Can You Fine-Tune the Ketogenic Diet?

Ketogenic foods

Epilepsy News From:

Monday, March 9, 2015

In this month's issue of Keto News, I'm profiling an article written by our group that was published late last year in Journal of Child Neurology. Although entitled, "Dietary and medication adjustments to improve seizure control in patients treated with the ketogenic diet," it could be better titled as perhaps, "Can you fine-tune the ketogenic diet?" This is an important topic and a research idea I've had for as long as I've been working with this unique therapy. 

Unlike medications, in which a dose can be increased, timing of medications changed, or brand name (vs. generics) substituted, the diet has many more possible ways to tweak its efficacy theoretically. I was always taught that if the ketogenic diet wasn't working, it was critical to try and "fine-tune" it. Many families will email me and ask me this question, some even travelling to Baltimore for a second opinion. Our Ketogenic Diets book devotes an entire chapter to the topic, but with scarce references...

So what are the chances of diet changes really making a difference?

In order to answer this question, I had an eager medical student, Jessica Selter, review charts (and emails and phone calls…) from 200 consecutive children started at Johns Hopkins on the ketogenic diet over 6 years. This was a gargantuan task – Ms. Selter reviewed charts to see if changes made to the diet (or eventually medications) led to a documented improvement in seizures. She found that there were 12 changes commonly made:

Increasing the ratio Adding carnitine
Decreasing the ratio Adding MCT oil
Increasing calories Spacing meals
Decreasing calories Fasting the child and restarting the diet
Intermittent fasting Removing artificial sweeteners
Changing medication dose Adding a new medication


What were the results of these changes?

First the good news. About half the time (42.4%), making these changes led to at least a 1% additional improvement in seizures. Nearly 1 out of 5 times, the change led to a significant additional improvement (>50%). Even after many months (or years) of continued ketogenic diet use, these changes still had an impact. Children who were younger were more likely to see benefit, suggesting maybe those children do need their diet "fine-tuned" versus older patients. No one diet modification was best, but changing calories had the least impact.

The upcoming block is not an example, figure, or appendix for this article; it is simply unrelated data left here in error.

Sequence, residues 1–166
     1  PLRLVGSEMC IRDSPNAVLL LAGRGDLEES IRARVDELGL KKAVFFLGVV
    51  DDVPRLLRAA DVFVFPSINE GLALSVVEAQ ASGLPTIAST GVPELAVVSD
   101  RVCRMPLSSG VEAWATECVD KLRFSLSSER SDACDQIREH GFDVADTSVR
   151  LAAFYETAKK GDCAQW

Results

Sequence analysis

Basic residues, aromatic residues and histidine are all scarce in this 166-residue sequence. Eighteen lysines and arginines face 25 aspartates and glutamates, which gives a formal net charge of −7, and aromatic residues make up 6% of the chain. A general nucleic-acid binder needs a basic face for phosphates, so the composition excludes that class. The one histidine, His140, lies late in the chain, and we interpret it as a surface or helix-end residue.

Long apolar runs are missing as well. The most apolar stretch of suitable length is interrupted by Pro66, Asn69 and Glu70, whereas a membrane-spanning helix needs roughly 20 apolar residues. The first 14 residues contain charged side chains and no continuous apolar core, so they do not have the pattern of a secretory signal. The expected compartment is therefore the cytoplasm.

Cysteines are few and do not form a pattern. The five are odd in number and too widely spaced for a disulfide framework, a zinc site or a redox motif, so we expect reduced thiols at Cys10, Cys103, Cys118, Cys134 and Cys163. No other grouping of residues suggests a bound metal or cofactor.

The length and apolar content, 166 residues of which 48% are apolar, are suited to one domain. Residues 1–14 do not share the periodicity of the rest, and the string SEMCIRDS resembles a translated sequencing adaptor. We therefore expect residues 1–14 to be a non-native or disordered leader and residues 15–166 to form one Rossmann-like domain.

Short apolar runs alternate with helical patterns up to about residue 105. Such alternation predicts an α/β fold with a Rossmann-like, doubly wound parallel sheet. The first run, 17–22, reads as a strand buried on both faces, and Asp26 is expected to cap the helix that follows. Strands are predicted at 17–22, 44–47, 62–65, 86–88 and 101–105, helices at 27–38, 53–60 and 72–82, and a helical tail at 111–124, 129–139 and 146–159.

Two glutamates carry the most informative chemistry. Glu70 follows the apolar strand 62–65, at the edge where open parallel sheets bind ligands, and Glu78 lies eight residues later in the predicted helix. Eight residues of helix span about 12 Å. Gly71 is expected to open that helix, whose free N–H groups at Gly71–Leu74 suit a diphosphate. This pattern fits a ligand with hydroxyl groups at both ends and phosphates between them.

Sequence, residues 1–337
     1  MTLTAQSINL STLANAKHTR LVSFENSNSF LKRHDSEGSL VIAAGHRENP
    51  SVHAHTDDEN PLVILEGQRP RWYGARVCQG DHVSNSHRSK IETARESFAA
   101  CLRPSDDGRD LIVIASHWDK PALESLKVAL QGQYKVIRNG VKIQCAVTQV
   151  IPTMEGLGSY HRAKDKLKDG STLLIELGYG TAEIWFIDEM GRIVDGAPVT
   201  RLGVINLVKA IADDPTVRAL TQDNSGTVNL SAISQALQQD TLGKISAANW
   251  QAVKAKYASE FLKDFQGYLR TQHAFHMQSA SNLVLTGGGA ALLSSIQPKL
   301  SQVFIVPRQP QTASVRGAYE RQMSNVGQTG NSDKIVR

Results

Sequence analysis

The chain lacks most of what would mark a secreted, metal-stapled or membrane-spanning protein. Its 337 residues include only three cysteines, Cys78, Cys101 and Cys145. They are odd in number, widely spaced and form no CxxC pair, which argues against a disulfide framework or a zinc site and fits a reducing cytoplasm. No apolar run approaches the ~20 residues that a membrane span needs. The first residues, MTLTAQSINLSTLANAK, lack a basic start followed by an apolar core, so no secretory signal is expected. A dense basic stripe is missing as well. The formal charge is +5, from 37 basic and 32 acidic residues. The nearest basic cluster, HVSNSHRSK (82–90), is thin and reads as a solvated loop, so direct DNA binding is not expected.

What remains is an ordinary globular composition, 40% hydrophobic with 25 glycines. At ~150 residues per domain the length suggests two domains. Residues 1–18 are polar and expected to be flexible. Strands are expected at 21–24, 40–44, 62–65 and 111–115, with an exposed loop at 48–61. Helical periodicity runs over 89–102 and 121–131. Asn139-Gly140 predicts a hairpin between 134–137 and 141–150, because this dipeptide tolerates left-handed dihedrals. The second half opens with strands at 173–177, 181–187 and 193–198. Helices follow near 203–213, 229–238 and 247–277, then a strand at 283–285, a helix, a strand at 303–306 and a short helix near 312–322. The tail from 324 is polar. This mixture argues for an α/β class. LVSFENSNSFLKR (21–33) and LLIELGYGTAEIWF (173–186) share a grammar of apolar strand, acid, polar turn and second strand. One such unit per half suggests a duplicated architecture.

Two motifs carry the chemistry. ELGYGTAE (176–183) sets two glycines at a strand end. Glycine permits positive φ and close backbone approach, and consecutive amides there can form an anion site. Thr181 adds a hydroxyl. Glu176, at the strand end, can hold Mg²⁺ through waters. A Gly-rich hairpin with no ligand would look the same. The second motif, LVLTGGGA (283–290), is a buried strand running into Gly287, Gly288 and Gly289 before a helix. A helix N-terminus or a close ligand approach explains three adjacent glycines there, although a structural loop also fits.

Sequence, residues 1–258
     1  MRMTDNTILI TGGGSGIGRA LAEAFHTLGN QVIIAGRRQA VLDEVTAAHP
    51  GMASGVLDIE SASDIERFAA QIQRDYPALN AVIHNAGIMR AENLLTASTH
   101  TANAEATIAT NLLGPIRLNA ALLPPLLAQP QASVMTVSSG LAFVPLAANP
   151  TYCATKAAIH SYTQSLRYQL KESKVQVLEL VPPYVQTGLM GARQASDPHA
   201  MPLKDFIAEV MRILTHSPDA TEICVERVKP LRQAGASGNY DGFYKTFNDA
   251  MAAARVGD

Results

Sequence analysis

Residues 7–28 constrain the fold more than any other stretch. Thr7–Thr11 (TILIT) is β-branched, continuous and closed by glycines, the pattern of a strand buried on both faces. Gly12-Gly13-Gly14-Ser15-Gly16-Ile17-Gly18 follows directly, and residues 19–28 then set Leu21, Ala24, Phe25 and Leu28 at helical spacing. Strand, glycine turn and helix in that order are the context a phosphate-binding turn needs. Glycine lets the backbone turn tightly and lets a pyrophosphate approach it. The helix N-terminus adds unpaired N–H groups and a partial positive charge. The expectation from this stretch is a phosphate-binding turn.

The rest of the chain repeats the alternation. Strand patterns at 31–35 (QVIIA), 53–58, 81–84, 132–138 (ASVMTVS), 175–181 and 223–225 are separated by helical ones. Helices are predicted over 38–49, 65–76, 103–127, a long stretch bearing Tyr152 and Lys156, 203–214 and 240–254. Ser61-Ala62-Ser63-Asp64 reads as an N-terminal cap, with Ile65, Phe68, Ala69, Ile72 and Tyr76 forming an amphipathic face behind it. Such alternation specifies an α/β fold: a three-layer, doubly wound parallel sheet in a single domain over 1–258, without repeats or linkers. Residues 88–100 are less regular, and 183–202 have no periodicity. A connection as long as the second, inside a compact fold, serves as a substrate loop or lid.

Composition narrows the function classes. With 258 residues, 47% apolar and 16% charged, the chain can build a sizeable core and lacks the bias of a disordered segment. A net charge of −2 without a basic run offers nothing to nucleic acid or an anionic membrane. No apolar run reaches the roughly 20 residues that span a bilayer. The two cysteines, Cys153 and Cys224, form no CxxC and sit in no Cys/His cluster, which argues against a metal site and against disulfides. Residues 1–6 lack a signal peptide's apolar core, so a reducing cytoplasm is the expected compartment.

What was the bad news? Only 3.7% became seizure-free with a diet change. Also, changing anticonvulsant medications was somewhat more likely to be successful than diet changes (24% vs. 15% having an additional >50% reduction in seizures). 

How do I interpret these results and then counsel families?

  • I tell them that our dietary changes for children on the ketogenic diet do work…but only modestly.
  • I'm willing to try to fine-tune the diet even after years of use, making one change at a time, but I'm realistic with families about medications being more likely to cause additional benefit.
  • I remind them that anticonvulsant medications and the diet are often "partners" and they shouldn't be afraid to add a new drug – some of the newer drugs have unique ways in which they work and could work in tandem with the ketogenic diet possibly.
  • If they've tried many of the above diet modifications and seizures haven't gone away, it's not their fault.

Hopefully this research study will interest other researchers in ways to make the ketogenic diet better and more effective: perhaps there are ways to fine-tune the diet I'm not aware of that would be superior?  Let's fine out!

Authored by: Eric Kossoff MD on 3/2015

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